DES MOINES, Iowa — Back in December, the Iowa Democrats got word from the Democratic National Committee’s Rules and Bylaws committee that the state had lost its first in the nation status.

The proposed new early window would have South Carolina, New Hampshire, Nevada, Georgia and Michigan. Every other state not selected are required to hold their contest on or after the first Tuesday in March.

In Iowa’s state law, it requires both parties to caucus before the last Tuesday in February and before any other state holds a caucus or primary.

On Wednesday at the Iowa statehouse, a bipartisan group of former lawmakers gathered in the rotunda to call on Iowa Democrats to back state law.

“Iowa is going to be at a crossroads very quickly and that is determining whether the Iowa Democratic party is going to fight to keep Iowa first in the nation, or allow Washington, D.C. to tell us what we can do, when we can do it and how we can do it,” said David Nagle, a former U.S. Congressman and Iowa Democratic party chair.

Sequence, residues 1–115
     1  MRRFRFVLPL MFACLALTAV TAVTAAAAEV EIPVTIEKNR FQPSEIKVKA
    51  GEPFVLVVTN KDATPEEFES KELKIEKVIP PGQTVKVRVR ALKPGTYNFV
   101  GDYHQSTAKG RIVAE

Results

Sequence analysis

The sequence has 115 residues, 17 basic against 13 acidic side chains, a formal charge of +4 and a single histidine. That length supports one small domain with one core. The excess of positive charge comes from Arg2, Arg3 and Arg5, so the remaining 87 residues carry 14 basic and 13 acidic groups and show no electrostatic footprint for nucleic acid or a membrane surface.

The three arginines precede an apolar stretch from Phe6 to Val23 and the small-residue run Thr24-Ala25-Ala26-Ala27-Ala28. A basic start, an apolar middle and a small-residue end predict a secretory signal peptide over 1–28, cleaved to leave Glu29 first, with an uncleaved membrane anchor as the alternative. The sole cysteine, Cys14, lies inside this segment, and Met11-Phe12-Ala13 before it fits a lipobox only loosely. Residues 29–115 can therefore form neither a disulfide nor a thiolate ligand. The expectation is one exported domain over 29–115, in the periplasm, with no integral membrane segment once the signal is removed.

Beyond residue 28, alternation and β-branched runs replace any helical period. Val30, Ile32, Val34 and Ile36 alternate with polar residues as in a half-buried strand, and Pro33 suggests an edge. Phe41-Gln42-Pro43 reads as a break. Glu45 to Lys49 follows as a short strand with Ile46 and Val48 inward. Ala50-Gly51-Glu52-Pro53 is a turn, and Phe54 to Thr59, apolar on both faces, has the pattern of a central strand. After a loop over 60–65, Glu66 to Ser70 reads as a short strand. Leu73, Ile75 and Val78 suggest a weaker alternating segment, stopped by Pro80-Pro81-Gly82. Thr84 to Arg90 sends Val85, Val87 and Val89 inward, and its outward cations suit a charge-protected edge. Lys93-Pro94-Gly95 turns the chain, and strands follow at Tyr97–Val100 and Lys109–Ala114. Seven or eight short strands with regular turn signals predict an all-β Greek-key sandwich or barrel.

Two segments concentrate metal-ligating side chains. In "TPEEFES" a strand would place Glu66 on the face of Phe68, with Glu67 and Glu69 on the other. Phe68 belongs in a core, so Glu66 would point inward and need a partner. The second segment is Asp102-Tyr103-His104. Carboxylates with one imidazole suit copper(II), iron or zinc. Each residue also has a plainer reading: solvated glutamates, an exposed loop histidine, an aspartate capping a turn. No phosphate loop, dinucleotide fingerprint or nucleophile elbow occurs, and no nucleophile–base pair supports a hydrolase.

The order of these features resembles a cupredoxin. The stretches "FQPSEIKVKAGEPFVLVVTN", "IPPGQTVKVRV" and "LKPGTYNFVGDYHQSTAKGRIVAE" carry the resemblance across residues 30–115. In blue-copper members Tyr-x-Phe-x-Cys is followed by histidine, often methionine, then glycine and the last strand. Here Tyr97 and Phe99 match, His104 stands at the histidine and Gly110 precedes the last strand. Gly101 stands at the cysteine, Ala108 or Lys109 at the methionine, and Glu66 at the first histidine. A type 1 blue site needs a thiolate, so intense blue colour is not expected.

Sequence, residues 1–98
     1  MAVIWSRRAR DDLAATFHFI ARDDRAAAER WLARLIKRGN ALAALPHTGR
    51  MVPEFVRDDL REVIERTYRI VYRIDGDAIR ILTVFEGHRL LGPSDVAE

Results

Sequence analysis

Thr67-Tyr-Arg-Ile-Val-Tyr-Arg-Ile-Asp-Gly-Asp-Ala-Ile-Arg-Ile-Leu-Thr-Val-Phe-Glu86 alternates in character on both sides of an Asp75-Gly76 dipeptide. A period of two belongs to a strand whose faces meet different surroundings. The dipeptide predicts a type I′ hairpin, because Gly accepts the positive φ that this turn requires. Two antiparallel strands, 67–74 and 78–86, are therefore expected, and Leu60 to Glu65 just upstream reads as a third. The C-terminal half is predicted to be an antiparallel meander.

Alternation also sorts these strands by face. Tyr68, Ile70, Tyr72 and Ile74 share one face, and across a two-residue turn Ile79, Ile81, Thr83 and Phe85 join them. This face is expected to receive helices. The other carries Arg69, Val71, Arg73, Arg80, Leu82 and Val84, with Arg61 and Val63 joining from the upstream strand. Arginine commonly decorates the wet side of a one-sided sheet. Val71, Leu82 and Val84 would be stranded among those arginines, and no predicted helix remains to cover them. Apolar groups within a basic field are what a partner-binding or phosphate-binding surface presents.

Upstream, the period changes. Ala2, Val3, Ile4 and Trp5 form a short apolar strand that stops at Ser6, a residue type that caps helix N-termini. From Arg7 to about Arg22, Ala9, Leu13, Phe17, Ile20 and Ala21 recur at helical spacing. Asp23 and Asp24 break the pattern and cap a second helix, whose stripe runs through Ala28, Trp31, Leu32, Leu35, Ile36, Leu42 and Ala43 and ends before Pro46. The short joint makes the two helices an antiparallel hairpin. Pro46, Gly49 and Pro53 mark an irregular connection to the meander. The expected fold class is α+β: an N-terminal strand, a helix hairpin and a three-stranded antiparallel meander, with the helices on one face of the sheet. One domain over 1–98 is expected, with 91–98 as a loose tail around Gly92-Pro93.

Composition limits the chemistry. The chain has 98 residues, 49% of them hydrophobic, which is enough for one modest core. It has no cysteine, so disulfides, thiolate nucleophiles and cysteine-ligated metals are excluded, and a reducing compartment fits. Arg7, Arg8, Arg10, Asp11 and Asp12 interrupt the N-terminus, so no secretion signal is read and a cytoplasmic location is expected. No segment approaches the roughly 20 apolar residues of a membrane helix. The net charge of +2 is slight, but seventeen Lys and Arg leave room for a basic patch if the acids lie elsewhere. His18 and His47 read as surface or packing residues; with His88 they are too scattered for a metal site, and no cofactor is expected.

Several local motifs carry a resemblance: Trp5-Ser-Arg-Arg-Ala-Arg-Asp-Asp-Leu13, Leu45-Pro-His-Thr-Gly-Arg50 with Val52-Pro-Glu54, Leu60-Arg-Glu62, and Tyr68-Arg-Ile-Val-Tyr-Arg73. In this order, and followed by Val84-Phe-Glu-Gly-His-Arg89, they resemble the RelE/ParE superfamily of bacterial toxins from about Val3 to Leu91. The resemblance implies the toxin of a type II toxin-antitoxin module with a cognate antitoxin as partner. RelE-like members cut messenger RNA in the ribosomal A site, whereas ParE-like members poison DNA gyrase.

Iowa Democrats risk losing half of its delegates for the 2024 national convention, but that is something that Nagle said is a small price to pay.

Former Iowa GOP chairs were in attendance, encouraging Iowa Democrats to hold their ground and not give up first in the nation.

“I’ve noticed that Iowa Democrats have started saying ‘We are Iowa Democrats, we are not D.C. Democrats,’ and to me this seems to be a way to show that you’re Iowa Democrats,” said Mike Mahaffey, former Iowa Republican party chairman.

David Oman, the former Iowa Republican party co-chair, was in attendance and threw his support behind the democratic party ignoring the DNC and following state law.

The Iowa Democratic party will be electing a new party chair on Saturday, and the new chair will have to lead the charge if he or she wants to remain first in the nation.